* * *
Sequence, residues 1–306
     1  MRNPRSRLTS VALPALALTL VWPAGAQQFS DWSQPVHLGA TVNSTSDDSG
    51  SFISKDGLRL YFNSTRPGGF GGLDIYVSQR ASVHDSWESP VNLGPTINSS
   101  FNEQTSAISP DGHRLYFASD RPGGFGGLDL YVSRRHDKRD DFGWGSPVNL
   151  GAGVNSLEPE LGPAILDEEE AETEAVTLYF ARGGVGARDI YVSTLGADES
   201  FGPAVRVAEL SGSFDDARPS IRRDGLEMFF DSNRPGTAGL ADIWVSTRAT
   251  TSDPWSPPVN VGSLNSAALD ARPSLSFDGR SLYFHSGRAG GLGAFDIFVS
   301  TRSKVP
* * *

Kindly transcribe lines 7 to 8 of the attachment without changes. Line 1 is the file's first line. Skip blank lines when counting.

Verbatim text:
   251  TSDPWSPPVN VGSLNSAALD ARPSLSFDGR SLYFHSGRAG GLGAFDIFVS
   301  TRSKVP